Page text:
I never imagined I would be using my phone as much as I do for wildlife photography! Armed with a Canon 7D MrkII and a Canon 2.8 macro lens, why would I ever turn to a phone to take macro photographs you may well ask, but I have found myself using my iPhone 6 more and more when out in the field.
As much as I love my DSLR, it can be cumbersome and I don’t always have it with me. My phone is always in my pocket and even before I was asked to try out the Manfrotto KLYP system, I used my phone for all sorts of photographic opportunities.
The KLYP system consists of a phone photographic case that allows you to add a range of photographic accessories to your iPhone. From a range of lenses to additional lighting, tripods and kickstands, it offers a wealth of opportunities. You can find out more here. There is even a free app to allow you to further manipulate your images.
This post looks at the macro lens; the one I was most interested within the range available. The macro comes screwed into a 1.5 telephoto lens combination.
The wide angle lens enlarges your field of view and lets you capture a broader scene. Unscrewing the top section reveals the macro lens, which has increased magnification enabling you to take close-up shots revealing the smallest details, able to reach a +10 zoom effect.
I started out trying this lens on flowers to gauge the magnification and the distances I needed to get to, to achieve a focused image. I was thrilled with the first image I captured…
Experimenting, I found that to get the crispest images with the maximum magnification, the lens needed to be very close to the subject, ideally about 1.5 – 2cm away. This is no issue with flowers but could be more of a challenge trying to photograph small insects!
I started to scour the flowerbeds for suitable candidates for my new kit and soon located this leaf beetle and gradually moved the phone in for a shot. The great thing about using the phone is that it is so maneuverable and I soon had the beetle in sight. Edging it in as close as I could, I positioned the beetle to one side and the iphone camera locked on. I was astounded at the detail in the shot!
Inspired by my early success, it was not long before I was experimenting with a range of other insects amongst the foliage….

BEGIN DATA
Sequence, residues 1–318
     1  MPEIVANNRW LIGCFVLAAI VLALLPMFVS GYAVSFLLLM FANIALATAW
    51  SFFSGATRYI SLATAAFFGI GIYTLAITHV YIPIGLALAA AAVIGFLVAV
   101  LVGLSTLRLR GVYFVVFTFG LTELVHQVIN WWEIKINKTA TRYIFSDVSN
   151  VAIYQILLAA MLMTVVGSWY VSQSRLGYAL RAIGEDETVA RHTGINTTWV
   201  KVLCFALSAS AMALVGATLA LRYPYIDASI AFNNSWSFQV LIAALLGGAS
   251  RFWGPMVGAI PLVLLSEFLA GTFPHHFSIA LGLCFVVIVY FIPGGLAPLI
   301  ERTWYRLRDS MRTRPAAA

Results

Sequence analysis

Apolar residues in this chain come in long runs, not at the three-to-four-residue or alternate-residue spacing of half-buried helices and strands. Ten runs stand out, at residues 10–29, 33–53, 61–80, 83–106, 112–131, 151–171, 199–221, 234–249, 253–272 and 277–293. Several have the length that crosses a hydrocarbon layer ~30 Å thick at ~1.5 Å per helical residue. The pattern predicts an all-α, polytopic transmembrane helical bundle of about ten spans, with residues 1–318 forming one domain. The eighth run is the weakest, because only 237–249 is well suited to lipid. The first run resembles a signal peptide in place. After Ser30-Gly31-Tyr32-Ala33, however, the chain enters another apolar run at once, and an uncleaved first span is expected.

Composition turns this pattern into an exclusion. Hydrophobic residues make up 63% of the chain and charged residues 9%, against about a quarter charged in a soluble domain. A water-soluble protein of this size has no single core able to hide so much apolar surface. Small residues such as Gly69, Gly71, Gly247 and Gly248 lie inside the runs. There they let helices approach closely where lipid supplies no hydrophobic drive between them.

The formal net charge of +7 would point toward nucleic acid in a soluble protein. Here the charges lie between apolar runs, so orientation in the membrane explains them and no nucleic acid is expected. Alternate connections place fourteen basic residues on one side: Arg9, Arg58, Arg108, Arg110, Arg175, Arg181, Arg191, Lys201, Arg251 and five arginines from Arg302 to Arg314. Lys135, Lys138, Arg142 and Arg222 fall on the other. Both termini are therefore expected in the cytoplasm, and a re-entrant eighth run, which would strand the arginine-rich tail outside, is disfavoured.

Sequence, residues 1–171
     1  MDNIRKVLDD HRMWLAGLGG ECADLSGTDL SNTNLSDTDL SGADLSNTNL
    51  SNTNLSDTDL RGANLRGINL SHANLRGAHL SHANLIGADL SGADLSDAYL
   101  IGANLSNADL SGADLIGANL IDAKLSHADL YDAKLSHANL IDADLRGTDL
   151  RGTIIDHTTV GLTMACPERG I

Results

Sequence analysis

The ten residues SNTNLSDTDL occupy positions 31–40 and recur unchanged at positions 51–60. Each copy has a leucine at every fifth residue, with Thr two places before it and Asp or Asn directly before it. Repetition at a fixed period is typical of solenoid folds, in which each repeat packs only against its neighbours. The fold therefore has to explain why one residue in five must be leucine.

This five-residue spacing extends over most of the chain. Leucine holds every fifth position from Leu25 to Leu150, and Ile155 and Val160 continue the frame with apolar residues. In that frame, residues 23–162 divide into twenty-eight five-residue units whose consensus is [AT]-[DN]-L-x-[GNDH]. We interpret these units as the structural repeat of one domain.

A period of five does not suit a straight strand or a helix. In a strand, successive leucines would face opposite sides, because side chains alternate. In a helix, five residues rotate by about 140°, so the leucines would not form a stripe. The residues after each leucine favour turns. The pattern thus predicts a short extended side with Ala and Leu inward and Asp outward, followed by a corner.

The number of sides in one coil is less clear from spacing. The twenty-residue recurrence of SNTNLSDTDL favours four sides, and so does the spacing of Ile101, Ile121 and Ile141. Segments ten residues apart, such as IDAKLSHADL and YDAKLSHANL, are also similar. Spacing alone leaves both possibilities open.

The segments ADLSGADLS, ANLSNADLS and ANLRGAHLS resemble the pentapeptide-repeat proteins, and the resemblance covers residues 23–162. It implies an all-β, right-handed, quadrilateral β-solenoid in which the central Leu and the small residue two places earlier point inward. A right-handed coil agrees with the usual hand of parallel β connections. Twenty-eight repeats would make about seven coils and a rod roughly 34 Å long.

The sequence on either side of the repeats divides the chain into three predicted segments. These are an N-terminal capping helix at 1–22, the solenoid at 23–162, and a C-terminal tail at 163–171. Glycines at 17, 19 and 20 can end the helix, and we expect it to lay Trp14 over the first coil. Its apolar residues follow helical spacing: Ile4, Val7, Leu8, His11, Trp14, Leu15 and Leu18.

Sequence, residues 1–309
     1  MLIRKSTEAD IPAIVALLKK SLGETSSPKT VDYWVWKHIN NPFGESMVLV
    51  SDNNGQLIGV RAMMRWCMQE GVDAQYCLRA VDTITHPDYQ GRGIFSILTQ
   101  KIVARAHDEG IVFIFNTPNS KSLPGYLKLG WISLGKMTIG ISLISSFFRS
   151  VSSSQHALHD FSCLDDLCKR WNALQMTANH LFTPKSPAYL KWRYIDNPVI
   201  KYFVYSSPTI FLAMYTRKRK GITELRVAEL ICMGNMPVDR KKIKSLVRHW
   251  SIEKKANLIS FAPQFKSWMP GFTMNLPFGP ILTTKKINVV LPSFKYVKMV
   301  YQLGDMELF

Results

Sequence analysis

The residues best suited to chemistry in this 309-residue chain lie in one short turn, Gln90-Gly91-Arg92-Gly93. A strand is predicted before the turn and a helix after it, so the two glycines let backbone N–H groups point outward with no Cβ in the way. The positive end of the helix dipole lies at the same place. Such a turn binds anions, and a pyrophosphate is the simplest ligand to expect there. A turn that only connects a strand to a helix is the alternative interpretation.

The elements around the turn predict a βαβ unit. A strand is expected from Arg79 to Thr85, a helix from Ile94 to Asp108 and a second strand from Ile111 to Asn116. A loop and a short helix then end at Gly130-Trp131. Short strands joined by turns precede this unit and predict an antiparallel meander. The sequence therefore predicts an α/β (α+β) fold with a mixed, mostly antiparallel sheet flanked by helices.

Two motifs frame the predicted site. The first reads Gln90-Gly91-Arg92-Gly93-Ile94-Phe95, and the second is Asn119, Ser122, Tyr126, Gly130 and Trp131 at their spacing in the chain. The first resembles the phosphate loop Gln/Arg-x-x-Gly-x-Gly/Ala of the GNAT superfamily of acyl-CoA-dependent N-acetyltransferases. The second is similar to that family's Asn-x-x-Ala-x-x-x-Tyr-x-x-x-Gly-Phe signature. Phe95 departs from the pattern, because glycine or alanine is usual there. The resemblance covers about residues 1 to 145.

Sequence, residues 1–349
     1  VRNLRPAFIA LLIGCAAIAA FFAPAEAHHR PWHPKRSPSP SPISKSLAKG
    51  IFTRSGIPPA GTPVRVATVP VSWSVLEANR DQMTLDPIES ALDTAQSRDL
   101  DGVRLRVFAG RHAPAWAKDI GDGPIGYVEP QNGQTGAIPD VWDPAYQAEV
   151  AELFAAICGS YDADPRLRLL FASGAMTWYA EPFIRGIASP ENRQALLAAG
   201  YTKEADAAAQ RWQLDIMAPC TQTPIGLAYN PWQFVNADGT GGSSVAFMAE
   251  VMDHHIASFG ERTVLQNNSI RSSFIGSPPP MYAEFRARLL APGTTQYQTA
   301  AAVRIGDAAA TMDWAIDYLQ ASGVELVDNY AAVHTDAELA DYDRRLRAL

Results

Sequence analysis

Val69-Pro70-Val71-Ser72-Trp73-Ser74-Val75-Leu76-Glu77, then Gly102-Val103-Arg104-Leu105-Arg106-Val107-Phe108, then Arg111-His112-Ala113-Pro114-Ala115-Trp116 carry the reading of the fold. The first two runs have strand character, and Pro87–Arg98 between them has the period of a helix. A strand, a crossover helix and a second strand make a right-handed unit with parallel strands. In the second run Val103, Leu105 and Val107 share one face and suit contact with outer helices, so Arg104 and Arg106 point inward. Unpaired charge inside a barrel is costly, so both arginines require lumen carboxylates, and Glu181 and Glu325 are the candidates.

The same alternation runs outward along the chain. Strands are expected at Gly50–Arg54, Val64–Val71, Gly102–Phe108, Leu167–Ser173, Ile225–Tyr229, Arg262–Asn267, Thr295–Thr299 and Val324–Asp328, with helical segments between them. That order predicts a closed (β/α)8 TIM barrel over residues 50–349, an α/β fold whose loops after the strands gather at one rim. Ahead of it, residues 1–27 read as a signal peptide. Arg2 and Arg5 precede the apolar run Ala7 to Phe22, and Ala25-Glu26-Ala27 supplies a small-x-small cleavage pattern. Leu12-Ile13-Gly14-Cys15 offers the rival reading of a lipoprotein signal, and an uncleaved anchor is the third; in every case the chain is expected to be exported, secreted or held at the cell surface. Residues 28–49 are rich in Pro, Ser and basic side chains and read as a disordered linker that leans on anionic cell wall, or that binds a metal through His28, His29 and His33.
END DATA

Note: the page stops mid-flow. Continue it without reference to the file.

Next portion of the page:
Without the macro lens, you can achieve pretty good close-ups of reasonably sized insects, but this lens took it to a whole new level! This shot shows the kind of image I would never have achieved without the macro lens. This tiny insect was sitting on the tip of my finger and was less than a cm long….
This grasshopper would not allow me close enough for a shot, so I captured it and placed it in a plastic container. This shot is taken through the plastic ….
My final subject for my initial trial was this spectacular Poplar Hawkmoth discovered in my garden. Being a sizeable moth, my initial shots were without the macro lens, just using the iPhone’s standard lens.
Screwing the macro lens on, I was able to move close to capture the exquisite scale detail on this moth’s wings….
Another moth caught my eye, on the path. My DSLR lens would have struggled to get ‘eye-level’ with this tiny moth, yet the iPhone and macro was easy to position. The low angle and close proximity to my subject produced this rather ‘yak-like’ image!
I am very impressed with this lens and it will add a wealth of photographic opportunities for me. The quality and magnification of the lens means that intricate details are captured in a way not possible with the standard lens.
Now, I am off to trial the next range of lenses; fish eye, wide angle and telephoto… I hope my DSLR is not too upset!!!
Kate MacRae, also known as ‘WildlifeKate’ has spent the last four years turning her rural garden in Staffordshire into a camera haven, allowing her to monitor the goings on of all the wildlife visiting. She has over 20 cameras set up, all wired back to her office, where she can watch and record the visitors. From inside nest boxes, to small and large mammal feeding stations, Kate’s cameras and set-up have appeared regularly on BBC Springwatch and Autumnwatch. Kate is also a keen photographer and avid user of Bushnell trail cameras and these form big part of her wildlife filming. Kate’s cameras stream live on her website and can be watched 24-7.